What It Takes To Land A Remote Job

I was asked to spend more time discussing remote working and distributed companies.

This is a sensitive subject since I do understand most companies which deny the benefits of remote working.

  1. The entire organization has to be set up for remote.
  2. Management should understand and have the instruments in place to manage remote staff.
  3. People should be motivated, determined, hard-working, and self-managed to a certain extent.

More importantly…

I talk about salaries here. And some notable differences between average wages in various countries and asking paychecks when applying with us.

remote job


00:00:45 – Finding A Remote Job is Difficult
00:02:23 – Competing In A Very Tricky Game
00:04:46 – How Pricing Works
00:05:45 – What Company Owners Look For
00:07:10 – Pricing And Skills Considerations


Mario Peshev from DevriX here.

So I wanted to avoid this topic, but too many people ask me about remote working and working from home, telecommuting and stuff like that. So I just wanted to make a few things clear.

Keep in mind that while it’s becoming more and more and more popular over the past five or 10 years, it’s still a stigma. It’s still something that lots of businesses don’t really deal with. So I just want to discuss different perspectives here as someone who used to do full-time freelance and someone who has been two or three times, actually three times a remote employee at a company, completely remote. And also, someone who is currently running a distributed team of people. I just want to show different perspectives here.

Finding A Remote Job is Difficult

So first off, finding a remote job is difficult. Most businesses are simply not set for remote. Some are. So if you go to remote.corp or probably if you go to indeed.com and look for kind of remote jobs, it’s something that you can do. There are some jobs available out there and you can apply there and you can see whether you’re a good fit or not and whether you kind of match the criteria.

The thing with remote jobs is that those perks come with high kind of responsibility for the employee. Because if you apply on a local scale for a company, at the company that only hires locally, it means that you’re only competing with the people who live locally in that area.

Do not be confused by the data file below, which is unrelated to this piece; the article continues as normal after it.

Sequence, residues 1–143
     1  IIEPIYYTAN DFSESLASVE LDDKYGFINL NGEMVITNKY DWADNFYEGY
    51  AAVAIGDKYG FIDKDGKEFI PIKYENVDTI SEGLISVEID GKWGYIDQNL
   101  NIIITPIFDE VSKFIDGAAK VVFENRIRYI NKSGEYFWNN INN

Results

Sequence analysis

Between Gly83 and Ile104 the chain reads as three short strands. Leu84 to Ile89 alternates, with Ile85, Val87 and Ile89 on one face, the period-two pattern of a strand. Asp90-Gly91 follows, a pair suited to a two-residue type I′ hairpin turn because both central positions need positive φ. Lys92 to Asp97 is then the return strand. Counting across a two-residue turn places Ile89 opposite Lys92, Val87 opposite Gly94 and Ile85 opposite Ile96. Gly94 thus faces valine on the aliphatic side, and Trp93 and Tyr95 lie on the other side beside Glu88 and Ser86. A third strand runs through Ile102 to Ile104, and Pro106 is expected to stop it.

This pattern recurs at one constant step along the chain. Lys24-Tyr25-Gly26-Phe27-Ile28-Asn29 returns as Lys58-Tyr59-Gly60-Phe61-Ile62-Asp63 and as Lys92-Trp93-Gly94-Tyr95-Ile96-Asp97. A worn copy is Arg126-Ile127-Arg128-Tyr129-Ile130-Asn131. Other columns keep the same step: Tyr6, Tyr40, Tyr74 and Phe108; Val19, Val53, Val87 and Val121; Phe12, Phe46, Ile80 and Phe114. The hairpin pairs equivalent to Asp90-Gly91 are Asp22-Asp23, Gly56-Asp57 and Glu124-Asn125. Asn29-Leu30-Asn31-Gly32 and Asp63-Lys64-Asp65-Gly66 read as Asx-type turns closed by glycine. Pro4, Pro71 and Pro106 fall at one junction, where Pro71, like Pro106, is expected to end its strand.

And that’s especially valid for kind of software engineering jobs because the demand is extremely high, lots of companies are looking for people and essentially companies are roughly speaking, exchanging people from one team to another, from one company to another because they’re not enough kind of local people on the market. So that’s as far as local companies are concerned.

In terms of remote companies, you’re competing with the entire universe, or at least the part of that that has humanity kind of inhabited that ecosystem or that world and the one connected to the Internet. So keeping that in mind, when you apply for a job somewhere, you’re competing with probably 10 times or 50 times or a hundred times more applicants interested in working in that particular team. And we deal with that as well, which means several things.

Competing In A Very Tricky Game

When I used to apply for remote working jobs, whenever I’ve been discarded, it was due to other applicants that were more successful than me, with a better portfolio, better communication skills and stuff like that. So that means that you really have to step up your game in order to apply for a remote working job. It means that you need to be great at what you do, really confident at that skill and also compete pretty much on an international level.

Moreover, you’re in a very disadvantages position for two reasons. First, you’re always going to be more expensive than some people. Like even the company really cares about price and most companies do, they’re always going to be applicants from mainly Asia, eastern Europe, South America or other parts of the world where basically people can afford to charge less because their expenses are lower.

The second thing is, again, you’re going to compete with the top players in the market kind of applying for that specific job. So keep that in mind. It’s a very tricky game. It’s mostly based on a kind of reputation, community work, anything that you can showcase a which is not, “I just worked for that random company.” Right? So that’s one thing.

In terms of looking for people because again, we are a distributed company, we also have to deal with that. And we do have people in about probably six or seven or eight different countries right now. We do try to gauge that and find the best fit between, culture fit and skills and portfolio and communication and availability and of course costs. And it gets pretty tricky because … I’m going to be brutally honest with you in terms of pricing.

How Pricing Works

We’re based out of Bulgaria where the average salary is low. But IT industry is booming here. So basically, there are tones of international companies with, not headquarters, but with large offices hiring hundreds of developers here in Bulgaria. Some have higher given thousands, right? Which means that salaries are jumping higher. There are lots of offers with salaries that are competitive to the … salaries that you are going to get in most states in the US. So I just want to make that clear.